Gov. Bill Haslam said he is still studying whether to add more people to the state’s TennCare rolls despite a fellow Republican declaring on national TV that the state would refuse federal money linked to expanding Medicaid.
The governor — who is getting political pressure from legislators to reject the expansion — gave no timeline for when he plans to decide whether to expand the state’s Medicaid program, although Congresswoman Marsha Blackburn told MSNBC’s Morning Joe Monday the governor would not accept the funds.
“She gets the right to say what she wants, but I feel like it’s our duty to do our homework,” Haslam told reporters after a Higher Education Commission meeting. “Medicaid/Tenncare, is such a huge portion of our budget and it keeps growing, and we have to make certain that we do everything to contain that. But also I think we have an obligation to do our homework and figure out the impact on us and the hospitals and on our citizens.”
An expansion would increase the number of people on the state’s TennCare program for low income children, pregnant women and elderly. The federal government has agreed to pay 100 percent of the costs for three years, then scale back funding to 90 percent.
Teams of Republican lawmakers on Capitol Hill are already lining up to force the state to ban the TennCare expansion, saying there is no guarantee the federal government will keep its word. Meanwhile, Democrats who are signing on with a competing bill to require the expansion, point out more people would have access to health care and rural hospitals are at risk of closure without growing the program.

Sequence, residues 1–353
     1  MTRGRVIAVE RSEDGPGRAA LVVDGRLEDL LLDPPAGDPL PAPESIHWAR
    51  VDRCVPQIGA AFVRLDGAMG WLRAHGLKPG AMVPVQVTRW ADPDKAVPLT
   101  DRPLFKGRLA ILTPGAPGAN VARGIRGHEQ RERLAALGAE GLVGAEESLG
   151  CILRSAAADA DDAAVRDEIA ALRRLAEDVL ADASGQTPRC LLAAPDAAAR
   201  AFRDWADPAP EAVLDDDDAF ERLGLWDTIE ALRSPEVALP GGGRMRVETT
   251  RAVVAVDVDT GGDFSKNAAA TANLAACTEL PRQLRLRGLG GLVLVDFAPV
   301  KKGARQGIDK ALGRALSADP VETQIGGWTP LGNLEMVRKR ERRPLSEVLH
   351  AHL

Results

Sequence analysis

But neither piece of legislation will get a chance at becoming law, said Lt. Gov. Ron Ramsey.
He said he is in no hurry to decide whether to expand the program and said he would wait for Haslam’s administration to make a recommendation. Because there is no deadline for a decision, Ramsey said he wouldn’t be surprised if that decision came later this session, after lawmakers have adjourned for the year, or after a year of watching how other states have fared. A majority of lawmakers would still have to approve the expansion for it to become law.
“Before we jump into this, I want all the facts in front of me and I’m not deciding one way or another simply because I don’t know the answers,” Ramsey told reporters. “I’m not signing onto the bill and I will encourage the sponsor of this to hold off to see, let's get the facts in front of us first.”